Georectifying the “World of Mercator Projection” map gave me some insights into the meaning of maps as visual arguments about the world. The purpose of georectifying a map is to create a more geographically accurate version of a map which previously existed as a less exact rendering. Even though the map I started out with looked pretty accurate and proportional, the process of georectifying it showed me that the map had inaccuracies. These inaccuracies reflect the biases and beliefs of the people who made the original map, and so the process of uncovering them helped me see that the original map promoted a biased argument about the state of the world. This doesn’t surprise me, since I’m familiar with inaccurate mapping histories (like how many maps have represented/continue to represent landmasses within the Northern Hemisphere as larger than those in the Southern Hemisphere… this reflects vestiges of a colonialist mindset).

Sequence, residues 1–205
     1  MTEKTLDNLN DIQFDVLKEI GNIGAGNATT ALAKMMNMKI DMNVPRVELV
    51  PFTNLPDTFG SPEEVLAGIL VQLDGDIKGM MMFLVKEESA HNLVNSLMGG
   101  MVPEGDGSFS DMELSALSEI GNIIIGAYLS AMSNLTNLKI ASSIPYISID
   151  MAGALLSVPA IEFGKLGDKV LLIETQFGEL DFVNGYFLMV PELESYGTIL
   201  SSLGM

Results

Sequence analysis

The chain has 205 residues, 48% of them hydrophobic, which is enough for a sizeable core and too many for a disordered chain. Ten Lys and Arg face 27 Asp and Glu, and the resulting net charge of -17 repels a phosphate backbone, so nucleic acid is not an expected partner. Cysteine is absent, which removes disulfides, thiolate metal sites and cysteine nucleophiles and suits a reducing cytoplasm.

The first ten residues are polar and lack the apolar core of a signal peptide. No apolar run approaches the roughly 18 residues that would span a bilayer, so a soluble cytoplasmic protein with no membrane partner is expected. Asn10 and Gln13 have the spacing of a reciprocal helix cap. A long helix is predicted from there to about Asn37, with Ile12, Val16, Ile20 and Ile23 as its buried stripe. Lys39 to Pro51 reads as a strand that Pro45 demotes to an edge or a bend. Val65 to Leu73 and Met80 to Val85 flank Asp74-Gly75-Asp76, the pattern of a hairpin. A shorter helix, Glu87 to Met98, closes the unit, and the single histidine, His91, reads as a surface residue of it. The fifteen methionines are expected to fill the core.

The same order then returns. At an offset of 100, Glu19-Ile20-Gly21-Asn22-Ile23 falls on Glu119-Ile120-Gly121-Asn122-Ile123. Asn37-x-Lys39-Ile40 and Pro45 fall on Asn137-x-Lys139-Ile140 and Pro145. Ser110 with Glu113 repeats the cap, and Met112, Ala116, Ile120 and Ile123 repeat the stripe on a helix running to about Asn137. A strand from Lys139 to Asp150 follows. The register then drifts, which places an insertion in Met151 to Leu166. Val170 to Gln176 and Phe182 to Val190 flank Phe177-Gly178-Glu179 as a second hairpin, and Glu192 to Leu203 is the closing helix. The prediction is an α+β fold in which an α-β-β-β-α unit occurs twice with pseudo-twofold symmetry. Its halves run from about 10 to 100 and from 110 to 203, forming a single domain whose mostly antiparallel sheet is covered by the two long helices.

Once you have made a georectified map, you can save it for use in ArcGIS or QGIS. After georectifying a map, you might want to include it in a project pertaining to the time period during which the original map was created, or you could compare the georectified map to its original in order to analyze the differing worldviews which each map presents.
I think one problem with georectifying maps is that “rectifying” a map by making it geographically accurate might create the impression that a map has been fully corrected and no longer contains any harmful biases which existed in the original. In reality, we should consider the step of correcting a map geographically as only one layer in the “map-correction” process: so many other (potentially biased) arguments could exist in a map beyond its geographical accuracy, like the way it is drawn/rendered, the colors it uses, the text it includes, etc. I do not think you should use georectification if you are trying to use a one-stop correction process for maps.